# How do you expand (2y^2+x)^7?

Oct 4, 2017

${\left(2 {y}^{2} + x\right)}^{7} = 128 {y}^{14} + 448 x {y}^{12} + 672 {x}^{2} {y}^{10} + 560 {x}^{3} {y}^{8} + 280 {x}^{4} {y}^{6} + 84 {x}^{5} {y}^{4} + 14 {x}^{6} {y}^{2} + {x}^{7}$

#### Explanation:

When expanding an expression like this, knowing Pascal's Triangle is crucial:

(Source)

Since this expression is of degree 7 (i.e. has highest power 7), there will be 8 terms in the expansion (like in a quadratic equation where the highest power is 2, there are 3 terms).

As you can see, the $8 t h$ row has six numbers $\left\{1 , 7 , 21 , 35 , 35 , 21 , 7 , 1\right\}$ respectively.

We use these numbers as coefficients in the expansion of ${\left(2 {y}^{2} + x\right)}^{7}$.

As you can see from the answer, the powers on the $2 y$ are descending as the powers on the $x$ ascend. The exponents of $2 y$ and $x$ must always add up to 7, the expression's highest power.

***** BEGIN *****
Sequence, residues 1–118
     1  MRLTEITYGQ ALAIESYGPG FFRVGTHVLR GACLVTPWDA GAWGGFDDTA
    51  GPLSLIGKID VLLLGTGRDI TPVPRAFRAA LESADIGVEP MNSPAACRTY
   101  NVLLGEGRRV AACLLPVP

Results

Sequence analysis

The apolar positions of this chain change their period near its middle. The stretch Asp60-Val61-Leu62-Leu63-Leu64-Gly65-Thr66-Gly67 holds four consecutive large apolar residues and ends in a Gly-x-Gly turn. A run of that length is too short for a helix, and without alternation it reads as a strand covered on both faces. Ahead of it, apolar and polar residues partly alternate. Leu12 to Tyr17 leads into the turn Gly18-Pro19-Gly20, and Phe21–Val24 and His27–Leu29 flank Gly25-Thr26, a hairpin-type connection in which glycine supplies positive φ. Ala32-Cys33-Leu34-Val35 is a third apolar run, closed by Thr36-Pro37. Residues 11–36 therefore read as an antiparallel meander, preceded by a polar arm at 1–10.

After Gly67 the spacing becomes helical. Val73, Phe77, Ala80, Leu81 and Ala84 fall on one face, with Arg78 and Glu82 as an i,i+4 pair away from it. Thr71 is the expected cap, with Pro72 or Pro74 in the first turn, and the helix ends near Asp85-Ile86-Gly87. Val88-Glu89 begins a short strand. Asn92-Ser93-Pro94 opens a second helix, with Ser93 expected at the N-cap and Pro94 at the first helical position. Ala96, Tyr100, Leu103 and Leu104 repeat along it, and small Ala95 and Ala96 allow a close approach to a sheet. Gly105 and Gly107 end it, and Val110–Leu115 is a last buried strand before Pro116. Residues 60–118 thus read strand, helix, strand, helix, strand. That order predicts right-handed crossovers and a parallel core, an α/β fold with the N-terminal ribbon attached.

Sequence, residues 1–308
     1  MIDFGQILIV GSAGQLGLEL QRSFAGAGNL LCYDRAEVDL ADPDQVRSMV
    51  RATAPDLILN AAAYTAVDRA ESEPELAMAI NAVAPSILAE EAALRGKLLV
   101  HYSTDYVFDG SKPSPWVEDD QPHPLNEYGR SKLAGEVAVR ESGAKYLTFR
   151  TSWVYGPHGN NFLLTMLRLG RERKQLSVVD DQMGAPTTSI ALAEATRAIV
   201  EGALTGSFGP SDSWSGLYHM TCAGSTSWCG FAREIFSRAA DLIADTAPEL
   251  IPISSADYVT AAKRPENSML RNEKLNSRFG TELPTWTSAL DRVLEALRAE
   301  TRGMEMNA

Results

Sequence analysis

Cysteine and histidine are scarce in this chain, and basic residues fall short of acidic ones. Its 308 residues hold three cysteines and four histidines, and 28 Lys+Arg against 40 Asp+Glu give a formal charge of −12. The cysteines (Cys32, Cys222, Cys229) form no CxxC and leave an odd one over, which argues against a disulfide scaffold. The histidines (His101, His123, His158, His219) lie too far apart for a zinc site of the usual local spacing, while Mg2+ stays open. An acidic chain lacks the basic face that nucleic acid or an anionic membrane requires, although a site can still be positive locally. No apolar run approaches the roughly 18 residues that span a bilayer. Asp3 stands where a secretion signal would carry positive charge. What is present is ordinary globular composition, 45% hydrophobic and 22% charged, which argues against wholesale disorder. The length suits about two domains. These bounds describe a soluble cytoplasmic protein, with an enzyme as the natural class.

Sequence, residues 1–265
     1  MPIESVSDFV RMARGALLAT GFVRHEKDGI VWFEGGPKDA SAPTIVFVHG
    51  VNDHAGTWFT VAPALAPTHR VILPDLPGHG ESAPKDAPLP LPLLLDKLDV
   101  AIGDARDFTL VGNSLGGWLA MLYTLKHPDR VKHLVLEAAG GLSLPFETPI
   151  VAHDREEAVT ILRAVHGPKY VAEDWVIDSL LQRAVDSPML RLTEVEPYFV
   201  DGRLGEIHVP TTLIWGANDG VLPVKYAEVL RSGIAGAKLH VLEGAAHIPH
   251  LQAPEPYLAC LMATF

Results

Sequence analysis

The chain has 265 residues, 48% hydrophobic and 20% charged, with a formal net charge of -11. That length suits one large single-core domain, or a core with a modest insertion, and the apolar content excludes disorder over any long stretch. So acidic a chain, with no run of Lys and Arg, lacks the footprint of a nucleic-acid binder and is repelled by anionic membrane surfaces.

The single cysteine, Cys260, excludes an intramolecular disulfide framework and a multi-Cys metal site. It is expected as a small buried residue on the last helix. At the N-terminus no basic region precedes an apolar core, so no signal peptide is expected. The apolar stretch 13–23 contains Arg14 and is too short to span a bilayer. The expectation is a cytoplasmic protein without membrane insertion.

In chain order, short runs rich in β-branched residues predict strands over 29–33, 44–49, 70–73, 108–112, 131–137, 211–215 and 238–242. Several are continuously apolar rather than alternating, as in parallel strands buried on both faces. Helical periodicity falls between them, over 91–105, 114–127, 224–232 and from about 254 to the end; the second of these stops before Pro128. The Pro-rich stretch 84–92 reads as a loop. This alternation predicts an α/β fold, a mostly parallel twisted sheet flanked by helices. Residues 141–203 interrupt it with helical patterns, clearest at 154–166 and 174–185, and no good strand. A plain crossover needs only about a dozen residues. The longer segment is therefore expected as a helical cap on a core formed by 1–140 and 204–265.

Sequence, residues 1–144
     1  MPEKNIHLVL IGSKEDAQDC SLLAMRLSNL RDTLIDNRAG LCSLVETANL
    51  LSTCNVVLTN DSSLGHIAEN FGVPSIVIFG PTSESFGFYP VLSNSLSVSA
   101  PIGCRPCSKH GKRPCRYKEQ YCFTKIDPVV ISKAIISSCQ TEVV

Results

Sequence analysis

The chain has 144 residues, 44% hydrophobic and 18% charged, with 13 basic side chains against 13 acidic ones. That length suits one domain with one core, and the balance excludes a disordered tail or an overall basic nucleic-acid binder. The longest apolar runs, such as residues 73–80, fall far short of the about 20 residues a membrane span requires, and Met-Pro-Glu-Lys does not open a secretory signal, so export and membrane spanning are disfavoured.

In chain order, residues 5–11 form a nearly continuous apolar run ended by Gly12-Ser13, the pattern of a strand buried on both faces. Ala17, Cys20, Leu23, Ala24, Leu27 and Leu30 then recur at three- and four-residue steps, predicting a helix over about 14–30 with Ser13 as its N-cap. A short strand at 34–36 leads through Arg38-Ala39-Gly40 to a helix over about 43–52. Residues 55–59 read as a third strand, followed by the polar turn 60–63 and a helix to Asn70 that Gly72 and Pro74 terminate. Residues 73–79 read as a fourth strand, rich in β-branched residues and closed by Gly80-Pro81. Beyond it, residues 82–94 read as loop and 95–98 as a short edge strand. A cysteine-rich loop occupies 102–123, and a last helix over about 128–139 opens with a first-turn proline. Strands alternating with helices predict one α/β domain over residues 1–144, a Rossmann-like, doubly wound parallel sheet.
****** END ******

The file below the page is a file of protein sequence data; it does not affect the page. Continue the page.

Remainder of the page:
Basically, to expand this expression you need to multiply the numbers of Pascal's Triangle with the exponents on the first term of the expression ($2 y$), descending from the highest degree 7 to 0. Simultaneously, you need to do this same thing with the second term ($x$), but ascending from 0 to 7 instead:

${\left(2 {y}^{2} + x\right)}^{7}$

$= 1 {\left(2 {y}^{2}\right)}^{7} {\left(x\right)}^{0} + 7 {\left(2 {y}^{2}\right)}^{6} {\left(x\right)}^{1} + 21 {\left(2 {y}^{2}\right)}^{5} {\left(x\right)}^{2} + 35 {\left(2 {y}^{2}\right)}^{4} {\left(x\right)}^{3} + 35 {\left(2 {y}^{2}\right)}^{3} {\left(x\right)}^{4} + 21 {\left(2 {y}^{2}\right)}^{2} {\left(x\right)}^{5} + 7 {\left(2 {y}^{2}\right)}^{1} {\left(x\right)}^{6} + 1 {\left(2 {y}^{2}\right)}^{0} {\left(x\right)}^{7}$

$= 128 {y}^{14} + 448 x {y}^{12} + 672 {x}^{2} {y}^{10} + 560 {x}^{3} {y}^{8} + 280 {x}^{4} {y}^{6} + 84 {x}^{5} {y}^{4} + 14 {x}^{6} {y}^{2} + {x}^{7}$

(This response has been closely based off HSBC244's reply to a similar question).